Even without Midol, Sally’s still gay.
I’m deep into post-menopause. I enjoy the relative stability of my hormones and life’s more even keel. Back when I was going through puberty, I had no idea my volcanic emotions had anything to do with endocrine glands. How could I? The discovery of estrogen and progesterone had yet to enter the 1963 Junior High World of Knowledge.
In those clueless days before Our Bodies Our Selves, I got my information about my changing biology from the black-and-white hygiene film our gym teacher showed us in P.E. that one day. We had to sit there while Miss Nokes deftly threaded the film in the projector by herself, because the kid who normally assisted with AV equipment was a boy, and no boys were allowed. This was serious business.
The movie’s glamorous coed in her strapped bathing cap and dark lipstick sat poolside and told us not to worry. She assured us pubescent girls we could swim when we were on our periods. And ride horses, too, according to the same confidence-inspiring narrator who just a few years previous had taught us to duck and cover in case of an atomic bomb. We were one well-informed bunch of kids.
But now we were becoming women. Here I was entering menarche, and, if the film was right, the muss and fuss of managing menstrual periods would be a small price to pay for the freedom to swim and ride horses. I remember being disappointed every 28 days because my parents were holding out on me. Once a month like clockwork—no pool and no palomino. Who wouldn’t be depressed?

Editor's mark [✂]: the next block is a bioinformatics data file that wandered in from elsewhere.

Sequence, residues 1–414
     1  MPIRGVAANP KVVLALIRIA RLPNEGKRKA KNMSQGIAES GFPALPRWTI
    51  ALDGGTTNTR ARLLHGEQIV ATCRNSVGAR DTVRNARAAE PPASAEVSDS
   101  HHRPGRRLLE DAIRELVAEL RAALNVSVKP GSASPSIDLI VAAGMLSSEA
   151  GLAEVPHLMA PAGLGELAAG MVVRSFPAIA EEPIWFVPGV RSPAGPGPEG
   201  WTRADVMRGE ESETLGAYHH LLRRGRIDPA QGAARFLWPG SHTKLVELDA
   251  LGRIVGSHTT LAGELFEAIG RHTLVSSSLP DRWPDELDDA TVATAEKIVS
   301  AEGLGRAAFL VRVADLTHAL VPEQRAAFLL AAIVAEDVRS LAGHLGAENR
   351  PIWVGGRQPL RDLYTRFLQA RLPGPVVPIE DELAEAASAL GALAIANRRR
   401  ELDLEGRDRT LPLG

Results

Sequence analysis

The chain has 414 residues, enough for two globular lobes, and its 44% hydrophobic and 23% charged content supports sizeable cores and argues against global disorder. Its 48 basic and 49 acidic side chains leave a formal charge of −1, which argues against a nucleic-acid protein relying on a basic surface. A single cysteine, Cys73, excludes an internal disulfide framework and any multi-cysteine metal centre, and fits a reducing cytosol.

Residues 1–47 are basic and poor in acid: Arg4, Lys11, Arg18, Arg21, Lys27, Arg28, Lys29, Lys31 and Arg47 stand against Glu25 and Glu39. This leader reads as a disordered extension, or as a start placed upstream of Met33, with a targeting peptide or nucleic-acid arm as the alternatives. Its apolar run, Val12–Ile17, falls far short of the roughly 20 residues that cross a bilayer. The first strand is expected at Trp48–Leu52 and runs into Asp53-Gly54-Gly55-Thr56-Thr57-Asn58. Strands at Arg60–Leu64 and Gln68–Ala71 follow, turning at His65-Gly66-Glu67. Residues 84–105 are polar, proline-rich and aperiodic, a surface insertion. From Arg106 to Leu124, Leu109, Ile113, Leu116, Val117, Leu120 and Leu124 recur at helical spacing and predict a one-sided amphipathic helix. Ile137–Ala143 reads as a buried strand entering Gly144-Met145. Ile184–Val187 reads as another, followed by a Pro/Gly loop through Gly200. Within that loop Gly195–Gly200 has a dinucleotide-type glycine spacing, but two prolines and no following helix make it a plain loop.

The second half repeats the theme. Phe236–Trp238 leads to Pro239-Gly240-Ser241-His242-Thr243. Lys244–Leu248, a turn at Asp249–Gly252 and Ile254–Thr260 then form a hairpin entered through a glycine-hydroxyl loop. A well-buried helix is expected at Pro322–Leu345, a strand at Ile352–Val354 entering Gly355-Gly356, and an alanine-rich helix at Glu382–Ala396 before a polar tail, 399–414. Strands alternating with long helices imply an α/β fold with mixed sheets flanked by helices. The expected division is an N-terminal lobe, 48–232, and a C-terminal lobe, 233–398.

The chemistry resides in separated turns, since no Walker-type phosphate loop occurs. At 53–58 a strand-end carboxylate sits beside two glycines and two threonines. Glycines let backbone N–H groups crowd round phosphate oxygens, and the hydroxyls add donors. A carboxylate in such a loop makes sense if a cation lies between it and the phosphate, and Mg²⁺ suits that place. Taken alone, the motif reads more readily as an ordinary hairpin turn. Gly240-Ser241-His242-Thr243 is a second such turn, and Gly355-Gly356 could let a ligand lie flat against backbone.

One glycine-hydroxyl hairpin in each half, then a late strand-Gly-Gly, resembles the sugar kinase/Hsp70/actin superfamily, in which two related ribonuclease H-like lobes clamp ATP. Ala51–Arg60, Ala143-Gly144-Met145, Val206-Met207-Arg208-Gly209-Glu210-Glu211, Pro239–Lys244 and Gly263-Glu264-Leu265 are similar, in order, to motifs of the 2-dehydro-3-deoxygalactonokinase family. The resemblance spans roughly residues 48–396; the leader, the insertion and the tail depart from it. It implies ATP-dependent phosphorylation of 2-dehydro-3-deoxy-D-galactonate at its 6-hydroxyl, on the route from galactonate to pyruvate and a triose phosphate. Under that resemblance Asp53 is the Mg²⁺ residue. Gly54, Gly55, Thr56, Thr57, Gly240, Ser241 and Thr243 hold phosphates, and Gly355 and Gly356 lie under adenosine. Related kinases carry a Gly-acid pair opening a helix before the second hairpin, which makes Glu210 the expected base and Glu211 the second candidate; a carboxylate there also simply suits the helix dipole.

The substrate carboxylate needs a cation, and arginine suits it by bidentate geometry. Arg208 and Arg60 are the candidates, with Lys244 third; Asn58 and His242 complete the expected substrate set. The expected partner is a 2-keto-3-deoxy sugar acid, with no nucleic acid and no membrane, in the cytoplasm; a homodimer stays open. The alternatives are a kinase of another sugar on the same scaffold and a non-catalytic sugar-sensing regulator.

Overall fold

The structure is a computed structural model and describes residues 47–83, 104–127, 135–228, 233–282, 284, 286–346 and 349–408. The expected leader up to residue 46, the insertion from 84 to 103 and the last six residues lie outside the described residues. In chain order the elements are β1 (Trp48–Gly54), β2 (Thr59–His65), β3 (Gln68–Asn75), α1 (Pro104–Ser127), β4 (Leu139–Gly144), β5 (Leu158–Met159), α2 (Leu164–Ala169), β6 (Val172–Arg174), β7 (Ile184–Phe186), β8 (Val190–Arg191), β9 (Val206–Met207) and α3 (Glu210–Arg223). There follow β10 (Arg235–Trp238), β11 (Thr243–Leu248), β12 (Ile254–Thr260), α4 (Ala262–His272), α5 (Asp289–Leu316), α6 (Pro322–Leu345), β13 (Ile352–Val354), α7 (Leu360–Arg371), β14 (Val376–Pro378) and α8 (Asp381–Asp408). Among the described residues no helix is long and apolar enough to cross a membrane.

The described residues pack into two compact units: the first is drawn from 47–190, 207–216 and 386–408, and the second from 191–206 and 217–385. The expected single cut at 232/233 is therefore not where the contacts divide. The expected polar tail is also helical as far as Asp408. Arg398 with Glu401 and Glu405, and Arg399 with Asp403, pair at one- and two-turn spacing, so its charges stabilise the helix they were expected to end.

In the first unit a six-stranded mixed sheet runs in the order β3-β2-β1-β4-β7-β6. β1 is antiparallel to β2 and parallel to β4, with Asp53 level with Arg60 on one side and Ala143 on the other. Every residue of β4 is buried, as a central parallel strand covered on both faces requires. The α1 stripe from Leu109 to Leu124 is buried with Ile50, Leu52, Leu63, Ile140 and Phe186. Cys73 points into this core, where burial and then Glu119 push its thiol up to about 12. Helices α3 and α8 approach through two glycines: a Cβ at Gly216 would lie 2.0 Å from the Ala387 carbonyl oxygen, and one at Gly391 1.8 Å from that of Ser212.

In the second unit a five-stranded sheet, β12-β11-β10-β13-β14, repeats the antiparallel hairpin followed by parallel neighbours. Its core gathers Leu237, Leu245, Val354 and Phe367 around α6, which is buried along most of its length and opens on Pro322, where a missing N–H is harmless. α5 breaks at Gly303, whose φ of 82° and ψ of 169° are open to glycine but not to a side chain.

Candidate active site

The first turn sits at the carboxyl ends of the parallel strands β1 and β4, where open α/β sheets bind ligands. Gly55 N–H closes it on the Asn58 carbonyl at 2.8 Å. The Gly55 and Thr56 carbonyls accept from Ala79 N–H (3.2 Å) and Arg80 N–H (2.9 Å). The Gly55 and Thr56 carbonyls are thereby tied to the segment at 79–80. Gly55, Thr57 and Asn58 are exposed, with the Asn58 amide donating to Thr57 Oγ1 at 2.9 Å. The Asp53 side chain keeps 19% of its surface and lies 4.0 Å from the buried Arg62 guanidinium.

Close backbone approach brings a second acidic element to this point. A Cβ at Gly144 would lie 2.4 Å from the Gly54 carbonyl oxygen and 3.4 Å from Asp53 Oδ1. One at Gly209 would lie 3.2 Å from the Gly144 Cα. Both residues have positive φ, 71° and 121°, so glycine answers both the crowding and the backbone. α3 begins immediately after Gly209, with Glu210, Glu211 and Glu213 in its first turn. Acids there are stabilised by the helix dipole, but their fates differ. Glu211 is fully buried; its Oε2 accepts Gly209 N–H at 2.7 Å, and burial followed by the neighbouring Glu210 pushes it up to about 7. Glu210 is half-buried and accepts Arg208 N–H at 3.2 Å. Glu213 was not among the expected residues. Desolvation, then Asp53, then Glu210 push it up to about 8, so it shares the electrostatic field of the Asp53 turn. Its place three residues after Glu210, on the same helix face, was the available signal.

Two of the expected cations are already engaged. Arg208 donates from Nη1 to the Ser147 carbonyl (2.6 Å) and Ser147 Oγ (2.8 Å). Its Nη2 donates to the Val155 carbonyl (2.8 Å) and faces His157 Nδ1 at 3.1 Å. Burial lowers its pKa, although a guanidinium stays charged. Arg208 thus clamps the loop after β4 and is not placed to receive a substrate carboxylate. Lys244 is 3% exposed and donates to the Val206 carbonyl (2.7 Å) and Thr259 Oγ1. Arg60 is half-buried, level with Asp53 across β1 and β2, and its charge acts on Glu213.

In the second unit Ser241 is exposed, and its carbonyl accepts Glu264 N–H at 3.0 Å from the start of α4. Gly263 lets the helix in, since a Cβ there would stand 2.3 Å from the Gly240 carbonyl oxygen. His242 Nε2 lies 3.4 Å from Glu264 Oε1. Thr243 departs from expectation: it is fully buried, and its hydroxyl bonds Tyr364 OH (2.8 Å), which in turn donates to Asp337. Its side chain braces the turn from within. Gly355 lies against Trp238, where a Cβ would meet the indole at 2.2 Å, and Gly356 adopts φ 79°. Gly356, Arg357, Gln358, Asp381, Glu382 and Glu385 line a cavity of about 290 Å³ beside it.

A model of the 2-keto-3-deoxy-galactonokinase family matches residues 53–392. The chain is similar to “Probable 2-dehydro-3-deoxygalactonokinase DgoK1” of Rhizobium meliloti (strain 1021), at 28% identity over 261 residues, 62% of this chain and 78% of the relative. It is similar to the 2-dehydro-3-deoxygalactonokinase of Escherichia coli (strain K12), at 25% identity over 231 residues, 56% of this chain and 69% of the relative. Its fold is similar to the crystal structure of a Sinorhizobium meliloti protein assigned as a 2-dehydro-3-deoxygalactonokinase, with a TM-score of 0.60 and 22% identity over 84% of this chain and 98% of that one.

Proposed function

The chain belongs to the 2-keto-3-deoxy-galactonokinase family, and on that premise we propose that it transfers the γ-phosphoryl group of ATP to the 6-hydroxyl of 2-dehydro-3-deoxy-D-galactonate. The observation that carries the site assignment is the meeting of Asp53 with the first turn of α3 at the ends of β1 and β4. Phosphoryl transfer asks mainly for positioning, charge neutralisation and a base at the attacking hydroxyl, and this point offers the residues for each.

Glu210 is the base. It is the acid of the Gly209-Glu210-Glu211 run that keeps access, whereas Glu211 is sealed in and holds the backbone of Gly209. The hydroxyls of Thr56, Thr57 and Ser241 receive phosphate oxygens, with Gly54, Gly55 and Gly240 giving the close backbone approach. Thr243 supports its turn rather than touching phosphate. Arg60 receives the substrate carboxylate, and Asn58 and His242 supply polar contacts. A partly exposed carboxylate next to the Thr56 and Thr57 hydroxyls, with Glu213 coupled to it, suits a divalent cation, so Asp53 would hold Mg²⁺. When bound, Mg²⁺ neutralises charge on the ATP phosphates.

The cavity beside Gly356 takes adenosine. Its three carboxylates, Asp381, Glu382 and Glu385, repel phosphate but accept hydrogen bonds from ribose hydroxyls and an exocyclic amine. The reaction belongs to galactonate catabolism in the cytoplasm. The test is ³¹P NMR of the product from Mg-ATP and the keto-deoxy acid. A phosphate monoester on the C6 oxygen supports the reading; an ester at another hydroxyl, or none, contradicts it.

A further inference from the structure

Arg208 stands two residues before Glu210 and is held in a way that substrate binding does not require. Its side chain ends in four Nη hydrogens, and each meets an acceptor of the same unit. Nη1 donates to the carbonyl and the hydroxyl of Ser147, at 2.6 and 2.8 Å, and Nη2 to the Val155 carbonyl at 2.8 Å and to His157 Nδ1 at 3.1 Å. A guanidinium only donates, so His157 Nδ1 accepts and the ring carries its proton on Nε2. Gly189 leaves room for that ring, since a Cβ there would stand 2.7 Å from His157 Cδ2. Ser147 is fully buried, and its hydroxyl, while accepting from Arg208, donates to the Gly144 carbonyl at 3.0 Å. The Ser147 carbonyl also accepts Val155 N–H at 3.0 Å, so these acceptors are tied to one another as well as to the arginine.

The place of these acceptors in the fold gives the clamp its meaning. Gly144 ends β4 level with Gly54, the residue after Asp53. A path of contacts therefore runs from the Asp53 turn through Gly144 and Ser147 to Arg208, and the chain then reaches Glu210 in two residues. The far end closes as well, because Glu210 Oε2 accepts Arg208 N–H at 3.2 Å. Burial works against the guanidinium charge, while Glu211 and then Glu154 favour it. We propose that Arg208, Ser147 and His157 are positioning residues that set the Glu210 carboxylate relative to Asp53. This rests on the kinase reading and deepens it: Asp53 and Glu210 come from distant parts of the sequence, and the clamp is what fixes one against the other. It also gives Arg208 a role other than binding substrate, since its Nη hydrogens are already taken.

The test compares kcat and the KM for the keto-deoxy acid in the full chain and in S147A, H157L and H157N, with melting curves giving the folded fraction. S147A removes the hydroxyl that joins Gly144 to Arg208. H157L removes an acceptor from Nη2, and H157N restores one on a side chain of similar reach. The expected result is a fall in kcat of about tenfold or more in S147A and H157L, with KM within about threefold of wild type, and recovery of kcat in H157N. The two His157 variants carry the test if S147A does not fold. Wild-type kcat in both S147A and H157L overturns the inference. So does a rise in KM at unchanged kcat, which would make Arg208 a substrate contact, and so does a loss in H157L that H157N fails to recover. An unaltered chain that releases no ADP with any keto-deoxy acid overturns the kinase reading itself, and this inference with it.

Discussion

That year, my whole family became insufferable cretins. They irked me no end, and I perfected a particular head-pivot-eye-roll movement that let them know it. My parents were utter squares. My siblings were worse. My brother snorted when he chewed. My sister splattered toothpaste on the mirror. Even the family dog left Cocker-spaniel hair on my black pedal pushers. All this coupled with sore breasts and low back pain. I idolized Lizzie Borden.
Hormones were never mentioned. My peer group didn’t start talking about hormones until well into adulthood when, shortly after the Cenozoic era, modern science finally identified PMS. I still have the clipping from an old Good Housekeeping, “Sally’s blue with periodic pain. Sally’s gay with Midol.” How true that turned
out to be.
Ten years after junior high, I learned the truth. Thanks to the kindly dyke who taught my college health class, I discovered certain aspects of the female anatomy that had been completely obfuscated by the common era’s boys-have-a-penis-and-girls-don’t type of sex ed. I learned lots of things about my body that those lipsticked babes in the hygiene film never mentioned. That led me quite naturally into the world of woman-loving-women. In no time I came out and was living with, working with, and processing every aspect of life with lesbians. Needless to say, our cycles coincided.
What the dominant culture considered irrational and irritable, we came to think of as heightened sensitivity. During our moon time we shared our insights about how the patriarchal paradigm was designed to keep us powerless, ignorant, and deodorized. Above all, we were supposed to be discreet. To hell with that. We celebrated our connection to nature’s cycles and smudged menstrual blood on the door posts of our homes. And on our gates.
I switched from dioxin-bleached “sanitary” products to natural sea sponges. I concocted valerian and raspberry-leaf tea to ease cramps, and my friends supported each other through the emotionally raw times.
PMS became elevated to a rarefied consciousness. I rode my hormonal surges into heightened states of creativity and vision (not to mention a super-evolved appreciation of good chocolate).
I don’t mind having moved on past those fertile times. My hormonal flux, much like that infamous wandering menstrual pad, is behind me now. Maybe I should make an education film, because, even without my period, I can enjoy swimming and horseback riding.
Eugene, Oregon-based, award-winning writer Sally Sheklow no longer has periods (but she’s got lots of commas).